Supplement may promote remyelination in multiple sclerosis patients

Written by Ellen Clarke

Researchers have found that the vitamin D receptor promotes the differentiation of oligodendrocyte progenitor cells and enhances myelin sheath regeneration. The findings could lead to new remyelination enhancing drugs for multiple sclerosis patients and those suffering from other demyelinating diseases.
Multiple sclerosis patients experience continuous loss of the myelin that insulates neurons in the central nervous system. Oligodendrocyte progenitor cells (OPCs) migrate towards neurons and differentiate into myelin producing oligodendrocytes in response to demyelination, however this process slows as a person ages.

Retinoid X receptor gamma (RXR-ɣ) is a nuclear receptor protein that is known to promote OPC differentiation and remyelination. Nuclear receptors usually function in pairs; as such researchers led by Robin Franklin at the University of Cambridge (UK) investigated the role of RXR-ɣ and its binding partners in the process of remyelination.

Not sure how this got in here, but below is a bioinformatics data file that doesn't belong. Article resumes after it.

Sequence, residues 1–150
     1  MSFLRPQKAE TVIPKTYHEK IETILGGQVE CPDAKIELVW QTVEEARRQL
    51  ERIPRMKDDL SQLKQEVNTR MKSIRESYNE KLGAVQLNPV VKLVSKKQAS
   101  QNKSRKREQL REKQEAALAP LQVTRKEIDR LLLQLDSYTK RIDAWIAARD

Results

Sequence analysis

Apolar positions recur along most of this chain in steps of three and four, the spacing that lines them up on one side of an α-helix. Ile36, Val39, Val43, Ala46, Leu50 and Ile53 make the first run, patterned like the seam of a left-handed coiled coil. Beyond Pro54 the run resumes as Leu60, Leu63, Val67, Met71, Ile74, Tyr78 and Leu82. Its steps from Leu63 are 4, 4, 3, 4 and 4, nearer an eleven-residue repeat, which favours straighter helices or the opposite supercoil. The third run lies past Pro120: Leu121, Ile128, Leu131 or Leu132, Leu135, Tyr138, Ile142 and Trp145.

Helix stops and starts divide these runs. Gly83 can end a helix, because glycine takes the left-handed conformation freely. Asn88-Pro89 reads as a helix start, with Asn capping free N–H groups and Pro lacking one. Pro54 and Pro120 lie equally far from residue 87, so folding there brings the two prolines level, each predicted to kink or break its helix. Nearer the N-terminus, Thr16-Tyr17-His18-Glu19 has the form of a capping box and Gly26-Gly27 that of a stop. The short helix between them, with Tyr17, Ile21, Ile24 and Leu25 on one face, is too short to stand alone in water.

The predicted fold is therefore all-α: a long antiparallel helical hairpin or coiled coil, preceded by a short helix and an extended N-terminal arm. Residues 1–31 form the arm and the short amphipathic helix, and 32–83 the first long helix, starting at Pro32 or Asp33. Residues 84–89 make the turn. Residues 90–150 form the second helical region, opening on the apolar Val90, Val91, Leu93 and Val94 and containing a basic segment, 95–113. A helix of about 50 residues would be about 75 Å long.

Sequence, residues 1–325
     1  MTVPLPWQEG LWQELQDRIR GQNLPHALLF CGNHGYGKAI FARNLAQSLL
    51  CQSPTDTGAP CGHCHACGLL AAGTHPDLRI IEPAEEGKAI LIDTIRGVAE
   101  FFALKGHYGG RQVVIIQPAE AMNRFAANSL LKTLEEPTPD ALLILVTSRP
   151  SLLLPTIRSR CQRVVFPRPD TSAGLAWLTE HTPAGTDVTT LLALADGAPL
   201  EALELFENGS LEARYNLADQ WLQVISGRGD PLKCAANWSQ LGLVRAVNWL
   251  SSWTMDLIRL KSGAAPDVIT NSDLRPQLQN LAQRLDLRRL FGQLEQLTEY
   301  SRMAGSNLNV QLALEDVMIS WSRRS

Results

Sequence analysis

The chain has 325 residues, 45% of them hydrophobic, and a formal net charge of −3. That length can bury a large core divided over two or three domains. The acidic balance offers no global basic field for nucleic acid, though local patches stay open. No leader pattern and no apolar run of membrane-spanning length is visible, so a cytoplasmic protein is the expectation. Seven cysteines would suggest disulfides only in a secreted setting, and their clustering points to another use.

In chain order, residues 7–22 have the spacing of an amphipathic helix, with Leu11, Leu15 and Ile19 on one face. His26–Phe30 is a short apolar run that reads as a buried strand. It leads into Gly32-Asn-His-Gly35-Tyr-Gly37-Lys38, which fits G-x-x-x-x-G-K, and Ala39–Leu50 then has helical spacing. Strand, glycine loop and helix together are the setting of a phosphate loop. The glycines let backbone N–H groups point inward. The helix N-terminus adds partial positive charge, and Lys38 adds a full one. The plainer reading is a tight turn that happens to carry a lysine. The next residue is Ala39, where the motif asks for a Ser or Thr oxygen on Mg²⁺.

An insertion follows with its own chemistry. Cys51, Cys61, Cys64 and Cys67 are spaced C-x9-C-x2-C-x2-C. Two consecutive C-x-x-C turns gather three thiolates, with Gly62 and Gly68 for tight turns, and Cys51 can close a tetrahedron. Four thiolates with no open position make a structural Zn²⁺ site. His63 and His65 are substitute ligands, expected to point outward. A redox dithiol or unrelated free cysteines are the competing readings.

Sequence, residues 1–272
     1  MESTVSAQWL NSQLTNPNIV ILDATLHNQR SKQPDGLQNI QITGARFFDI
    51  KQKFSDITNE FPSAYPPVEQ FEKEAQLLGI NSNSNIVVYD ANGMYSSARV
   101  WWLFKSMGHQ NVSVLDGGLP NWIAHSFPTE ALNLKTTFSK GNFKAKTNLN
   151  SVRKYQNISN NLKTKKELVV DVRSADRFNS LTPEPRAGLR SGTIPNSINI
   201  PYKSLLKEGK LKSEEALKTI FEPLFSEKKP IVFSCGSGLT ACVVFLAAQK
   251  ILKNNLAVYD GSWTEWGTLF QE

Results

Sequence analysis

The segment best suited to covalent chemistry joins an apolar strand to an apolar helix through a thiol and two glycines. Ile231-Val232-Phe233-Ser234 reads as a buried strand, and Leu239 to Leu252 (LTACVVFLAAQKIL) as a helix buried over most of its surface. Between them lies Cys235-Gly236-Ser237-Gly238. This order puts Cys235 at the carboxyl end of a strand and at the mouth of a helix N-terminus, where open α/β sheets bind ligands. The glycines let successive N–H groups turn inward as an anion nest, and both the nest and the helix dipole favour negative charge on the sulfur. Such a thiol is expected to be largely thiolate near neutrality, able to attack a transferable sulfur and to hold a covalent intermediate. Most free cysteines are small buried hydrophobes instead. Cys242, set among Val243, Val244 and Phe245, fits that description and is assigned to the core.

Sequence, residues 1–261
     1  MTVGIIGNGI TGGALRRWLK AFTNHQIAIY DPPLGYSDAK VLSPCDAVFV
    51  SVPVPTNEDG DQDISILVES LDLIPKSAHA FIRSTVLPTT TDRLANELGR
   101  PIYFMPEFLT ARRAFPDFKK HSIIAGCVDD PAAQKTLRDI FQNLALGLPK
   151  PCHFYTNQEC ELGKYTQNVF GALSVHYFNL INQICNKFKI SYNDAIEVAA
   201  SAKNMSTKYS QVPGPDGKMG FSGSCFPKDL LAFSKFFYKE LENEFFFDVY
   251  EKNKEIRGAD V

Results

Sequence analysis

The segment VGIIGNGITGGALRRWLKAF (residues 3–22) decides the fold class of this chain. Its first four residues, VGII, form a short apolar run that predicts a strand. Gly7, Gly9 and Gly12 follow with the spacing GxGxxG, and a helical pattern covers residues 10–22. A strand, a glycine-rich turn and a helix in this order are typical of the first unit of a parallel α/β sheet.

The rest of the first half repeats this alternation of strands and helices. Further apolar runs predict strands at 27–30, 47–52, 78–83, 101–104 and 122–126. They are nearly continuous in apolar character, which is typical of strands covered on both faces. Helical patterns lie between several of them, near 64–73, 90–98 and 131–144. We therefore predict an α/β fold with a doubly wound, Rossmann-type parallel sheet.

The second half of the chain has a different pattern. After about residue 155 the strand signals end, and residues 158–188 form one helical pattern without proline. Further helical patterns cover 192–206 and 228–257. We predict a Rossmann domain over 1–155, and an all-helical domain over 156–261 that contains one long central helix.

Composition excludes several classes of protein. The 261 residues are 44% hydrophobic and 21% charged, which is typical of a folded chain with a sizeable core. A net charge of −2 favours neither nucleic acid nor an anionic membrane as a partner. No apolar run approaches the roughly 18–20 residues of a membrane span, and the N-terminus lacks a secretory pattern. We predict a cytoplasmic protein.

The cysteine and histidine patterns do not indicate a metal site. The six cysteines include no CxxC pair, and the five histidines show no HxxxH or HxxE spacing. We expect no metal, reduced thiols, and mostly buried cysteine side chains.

The researchers found that RXR-ɣ bound to nuclear receptors, including the vitamin D receptor (VDR), in OPCs and oligodendrocytes. The findings also indicated that VDR inhibition leads to impaired OPC differentiation and reduced the cells’ capacity to remyelinate axons ex vivo. In contrast, the team found that Vitamin D increased OPC differentiation.

An association has previously been found between reduced vitamin D levels and the onset of multiple sclerosis. The new research suggests that vitamin D may also affect disease progression by controlling myelin sheath regeneration. It is hoped that VDR-activating drugs could promote remyelination in a range of demyelinating diseases.

The team are now looking to identify genes that are downstream targets of the RXR-γ–VDR heterodimer and whether other nuclear receptors paired with RXR-ɣ could also be involved in OPC differentiation and remyelination.

Source: The Rockefeller University Press press release via Eurekalert; The Rockefeller University Press